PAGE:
It’s also important to note, however, that if you have a dependent care flexible spending account (FSA), any qualifying expenses covered through that FSA cannot count towards the tax credit. The funds you put in an FSA are already pre-tax so you can’t “double-dip”, though, if your qualified expenses exceeded your FSA reimbursements for 2021, the difference could qualify for the credit providing they don’t exceed the $8,000 or $16,000 caps.
If you have dependents and potentially qualify for the credit, make sure you take some time before the tax filing deadline to review all the potential qualifying dependent care expenses you incurred in 2021 to maximize your deduction and potential refund.
4. Review your business expenses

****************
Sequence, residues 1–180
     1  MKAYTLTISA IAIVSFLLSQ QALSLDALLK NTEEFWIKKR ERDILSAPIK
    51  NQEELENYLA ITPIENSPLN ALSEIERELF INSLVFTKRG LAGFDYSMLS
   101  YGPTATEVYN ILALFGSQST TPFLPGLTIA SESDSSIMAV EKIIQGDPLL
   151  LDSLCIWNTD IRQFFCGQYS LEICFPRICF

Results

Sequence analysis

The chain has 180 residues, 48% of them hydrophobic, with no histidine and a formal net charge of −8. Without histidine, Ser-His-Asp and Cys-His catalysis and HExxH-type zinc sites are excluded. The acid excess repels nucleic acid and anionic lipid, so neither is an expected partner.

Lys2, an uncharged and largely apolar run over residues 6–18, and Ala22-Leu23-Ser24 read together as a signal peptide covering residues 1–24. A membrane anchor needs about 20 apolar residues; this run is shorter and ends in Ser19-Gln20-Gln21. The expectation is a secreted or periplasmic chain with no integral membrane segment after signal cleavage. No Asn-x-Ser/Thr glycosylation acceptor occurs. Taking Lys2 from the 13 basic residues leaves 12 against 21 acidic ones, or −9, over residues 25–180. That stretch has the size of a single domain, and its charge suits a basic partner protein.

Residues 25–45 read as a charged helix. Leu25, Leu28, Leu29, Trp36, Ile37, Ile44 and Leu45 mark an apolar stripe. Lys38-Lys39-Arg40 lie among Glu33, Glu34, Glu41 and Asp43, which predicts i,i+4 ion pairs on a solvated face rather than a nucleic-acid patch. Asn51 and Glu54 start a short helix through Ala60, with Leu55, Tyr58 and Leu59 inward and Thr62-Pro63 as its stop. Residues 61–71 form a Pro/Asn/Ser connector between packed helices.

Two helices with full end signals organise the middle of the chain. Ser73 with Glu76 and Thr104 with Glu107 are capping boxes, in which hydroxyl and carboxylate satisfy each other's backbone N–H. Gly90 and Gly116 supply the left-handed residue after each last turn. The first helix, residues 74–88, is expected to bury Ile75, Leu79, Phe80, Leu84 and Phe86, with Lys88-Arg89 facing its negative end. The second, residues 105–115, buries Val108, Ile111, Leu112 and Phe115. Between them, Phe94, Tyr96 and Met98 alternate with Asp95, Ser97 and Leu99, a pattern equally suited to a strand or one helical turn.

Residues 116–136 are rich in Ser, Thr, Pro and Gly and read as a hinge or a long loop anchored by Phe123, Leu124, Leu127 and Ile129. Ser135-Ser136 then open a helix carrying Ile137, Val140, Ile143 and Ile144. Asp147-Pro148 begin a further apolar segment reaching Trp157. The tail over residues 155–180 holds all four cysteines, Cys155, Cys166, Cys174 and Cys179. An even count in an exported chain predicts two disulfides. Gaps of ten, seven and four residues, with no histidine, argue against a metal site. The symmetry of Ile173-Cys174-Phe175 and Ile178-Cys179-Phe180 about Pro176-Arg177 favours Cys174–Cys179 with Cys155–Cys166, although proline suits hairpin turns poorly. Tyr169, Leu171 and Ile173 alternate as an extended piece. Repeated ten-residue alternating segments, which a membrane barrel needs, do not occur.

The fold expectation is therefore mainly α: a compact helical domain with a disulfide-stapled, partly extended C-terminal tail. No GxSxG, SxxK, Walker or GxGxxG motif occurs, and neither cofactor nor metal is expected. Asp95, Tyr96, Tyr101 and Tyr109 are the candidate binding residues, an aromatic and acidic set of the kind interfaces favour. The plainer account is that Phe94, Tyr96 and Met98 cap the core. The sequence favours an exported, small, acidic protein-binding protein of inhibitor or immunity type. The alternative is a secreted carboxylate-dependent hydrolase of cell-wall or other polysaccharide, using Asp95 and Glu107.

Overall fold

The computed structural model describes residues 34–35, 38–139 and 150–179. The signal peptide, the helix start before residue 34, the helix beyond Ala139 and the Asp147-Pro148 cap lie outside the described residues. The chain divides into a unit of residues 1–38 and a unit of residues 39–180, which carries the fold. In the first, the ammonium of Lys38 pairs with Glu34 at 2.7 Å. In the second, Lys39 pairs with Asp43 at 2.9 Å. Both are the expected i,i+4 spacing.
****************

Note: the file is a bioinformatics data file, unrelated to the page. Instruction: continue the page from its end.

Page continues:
If you were self-employed in 2021, you may have additional business expenses that you may have missed and can write off. Not all business owners are aware of what types of expenses qualify as business expenses and can therefore be deducted from self-employment income for the year. According to the IRS, the only requirement for an expense to be classified as a business expense is it must be “ordinary and necessary” to the operation of your business. Common business expenses may include:
- Business-related meals
- Business-related lodging and travel expenses
- Home office tax deduction (if you work from home)
- Cell phone and internet
- Software and other technology costs
- Equipment and materials